I've been visiting this website a lot but it's the first time I needed to sign up and ask a question. So first of all, thank you for all your help so far!

I'm researching and writing on a participatory music performance practice called "parea" and I often refer to those who participate as "parea participants" or "parea enthusiasts". Yet, at times I need a word that is equivalent to "the people who practice this tradition" and for that I have been using the phrase "parea practitioners". English is not my first language so I'm worried in case "parea practitioners" could sound strange--or even be misinterpreted--in English. According to the Oxford Dictionary it stands for "a person actively engaged in an art, discipline, or profession, especially medicine". Yet, would you think that my use of the word "practitioner" is strange or even wrong?

Many thanks,


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    It sounds fine to me (native English speaker), for whatever that may be worth. :-) – torek Mar 12 '17 at 15:58
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    It is not wrong. It puts parea in the spotlight. Besides, using parea practitioners has a certain ring to it, which maybe because of the alliteration. – vickyace Mar 12 '17 at 16:00
  • "the people who practice this tradition". Does it mean people who perform or do repeatedly in order to acquire skill or proficiency, or people who train or drill themselves in order to learn it? – mahmud koya Mar 12 '17 at 17:39

Parea Practitioner

Does sound a little strange, because it implies the person is practicing/engaged in 'parea' which if I understand your question correctly isn't the case, they are practicing music, and performing 'parea' the name of the music piece?

If that is the case I would suggest:

Parea Performers

As a more usual turn of phrase to describe the situation you have outlined.

Here are some examples of 'performers' being used in a similar context:

  1. Cirque Musica borrows local symphony performers for holiday show
  2. Symphony performers to play at salon concert
  3. Original ‘The Last Waltz’ Performers To Take Part In 40th Anniversary Celebration
  • Parea seems to be an imported Greek word that refers to folk music enthusiasts who gather in small groups and play/sing this form of music. It is not the name of a specific song. – torek Mar 12 '17 at 16:10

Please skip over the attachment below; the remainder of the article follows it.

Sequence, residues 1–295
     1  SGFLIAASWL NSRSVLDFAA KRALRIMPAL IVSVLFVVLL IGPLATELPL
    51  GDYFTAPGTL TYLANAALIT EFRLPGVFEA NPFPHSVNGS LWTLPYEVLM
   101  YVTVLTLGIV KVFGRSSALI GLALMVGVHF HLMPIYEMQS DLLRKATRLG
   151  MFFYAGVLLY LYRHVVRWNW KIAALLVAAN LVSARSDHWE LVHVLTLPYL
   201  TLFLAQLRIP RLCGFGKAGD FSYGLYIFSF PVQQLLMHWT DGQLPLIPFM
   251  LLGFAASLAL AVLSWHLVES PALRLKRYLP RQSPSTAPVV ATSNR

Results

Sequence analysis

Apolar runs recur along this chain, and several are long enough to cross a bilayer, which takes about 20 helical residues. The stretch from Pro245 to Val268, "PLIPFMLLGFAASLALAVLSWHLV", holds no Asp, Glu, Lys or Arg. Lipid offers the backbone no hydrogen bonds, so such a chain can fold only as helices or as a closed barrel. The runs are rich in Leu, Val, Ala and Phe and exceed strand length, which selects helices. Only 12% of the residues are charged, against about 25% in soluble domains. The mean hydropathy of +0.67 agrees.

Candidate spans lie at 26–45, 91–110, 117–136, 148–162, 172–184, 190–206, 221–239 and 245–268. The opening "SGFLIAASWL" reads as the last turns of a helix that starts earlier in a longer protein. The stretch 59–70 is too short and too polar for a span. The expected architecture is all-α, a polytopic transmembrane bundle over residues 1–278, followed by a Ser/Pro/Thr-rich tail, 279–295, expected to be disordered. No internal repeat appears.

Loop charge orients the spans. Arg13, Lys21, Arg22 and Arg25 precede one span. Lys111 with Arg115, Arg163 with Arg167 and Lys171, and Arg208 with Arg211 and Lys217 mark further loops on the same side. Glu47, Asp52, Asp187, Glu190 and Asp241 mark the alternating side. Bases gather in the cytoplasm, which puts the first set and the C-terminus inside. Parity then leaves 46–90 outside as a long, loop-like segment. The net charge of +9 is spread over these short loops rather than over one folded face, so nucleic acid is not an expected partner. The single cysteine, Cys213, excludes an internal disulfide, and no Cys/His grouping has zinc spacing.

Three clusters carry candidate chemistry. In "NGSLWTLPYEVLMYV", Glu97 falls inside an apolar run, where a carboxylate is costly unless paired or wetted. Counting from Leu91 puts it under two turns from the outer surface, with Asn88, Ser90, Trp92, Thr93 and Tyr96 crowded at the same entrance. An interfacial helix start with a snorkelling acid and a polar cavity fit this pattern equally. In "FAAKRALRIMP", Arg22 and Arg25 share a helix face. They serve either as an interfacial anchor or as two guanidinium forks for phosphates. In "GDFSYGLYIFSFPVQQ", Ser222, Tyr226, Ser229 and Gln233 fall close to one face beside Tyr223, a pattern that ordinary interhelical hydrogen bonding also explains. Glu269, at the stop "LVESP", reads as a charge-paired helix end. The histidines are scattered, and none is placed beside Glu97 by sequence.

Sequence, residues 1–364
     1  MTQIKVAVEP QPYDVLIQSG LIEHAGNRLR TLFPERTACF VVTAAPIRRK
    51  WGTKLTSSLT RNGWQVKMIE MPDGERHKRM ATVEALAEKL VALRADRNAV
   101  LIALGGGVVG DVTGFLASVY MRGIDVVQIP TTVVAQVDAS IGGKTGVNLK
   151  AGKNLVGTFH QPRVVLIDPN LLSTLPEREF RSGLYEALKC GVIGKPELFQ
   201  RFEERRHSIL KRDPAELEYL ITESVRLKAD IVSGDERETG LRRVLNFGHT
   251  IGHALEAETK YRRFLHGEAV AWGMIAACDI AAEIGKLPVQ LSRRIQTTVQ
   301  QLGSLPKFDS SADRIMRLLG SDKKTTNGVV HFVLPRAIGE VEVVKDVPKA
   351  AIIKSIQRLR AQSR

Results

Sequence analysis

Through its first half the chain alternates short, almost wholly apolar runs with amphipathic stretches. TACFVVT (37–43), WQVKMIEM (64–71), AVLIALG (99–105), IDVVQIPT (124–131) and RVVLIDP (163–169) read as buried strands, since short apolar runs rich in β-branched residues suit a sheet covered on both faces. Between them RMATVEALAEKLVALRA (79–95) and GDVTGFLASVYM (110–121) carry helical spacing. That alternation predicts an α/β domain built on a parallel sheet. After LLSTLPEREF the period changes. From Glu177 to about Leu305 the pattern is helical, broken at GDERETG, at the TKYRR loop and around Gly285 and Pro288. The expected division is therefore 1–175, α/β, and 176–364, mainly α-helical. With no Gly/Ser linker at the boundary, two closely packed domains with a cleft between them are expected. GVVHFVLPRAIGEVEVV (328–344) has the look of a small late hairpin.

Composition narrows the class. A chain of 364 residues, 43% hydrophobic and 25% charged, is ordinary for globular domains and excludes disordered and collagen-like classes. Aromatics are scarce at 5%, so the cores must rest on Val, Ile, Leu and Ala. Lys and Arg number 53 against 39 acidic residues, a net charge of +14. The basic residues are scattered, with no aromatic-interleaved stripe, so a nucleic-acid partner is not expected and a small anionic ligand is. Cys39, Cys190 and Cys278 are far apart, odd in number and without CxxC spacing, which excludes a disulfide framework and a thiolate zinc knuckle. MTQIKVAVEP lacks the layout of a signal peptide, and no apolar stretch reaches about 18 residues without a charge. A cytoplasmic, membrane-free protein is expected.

• Many thanks for your answers! The "parea performers" is a more specific phrase which I already employ to refer to those playing at a given moment. However, since the parea is a participatory performance (rather than staged) not all of the participants are performers. @torek The word parea commonly translates as "company" (it derives from the Latin pār that means "equal" or "match"). As you pointed out sometimes it also refers to folk music participatory performances; in the case of my study in Crete, Greece. Many thanks again, John – John Pap Mar 12 '17 at 17:40
  • @JohnPap I think I understand better, what the word is set to convey now. So people who have practiced this form of musical expression throughout time? I would say actually 'parea participants' works fine as is, they do not need to be actively participating to have 'been' a prior 'participant'. – Gary Mar 12 '17 at 17:46
  • @Gary Yes, it is "people who have practiced this form of musical expression throughout time". Yet, I think that "p. participants" either refers to those who participate in a given parea, including those who are not attentive to the practice--or may not even like it. That's why I'm looking for another word. "p. enthusiasts" is more accurate since it indicates that the participants like what they're doing, yet it does not render the meaning I'm trying to convey: "the people who practice this tradition". This why I am considering "p. practitioners". Do you think that the latter is problematic? – John Pap Mar 12 '17 at 18:25

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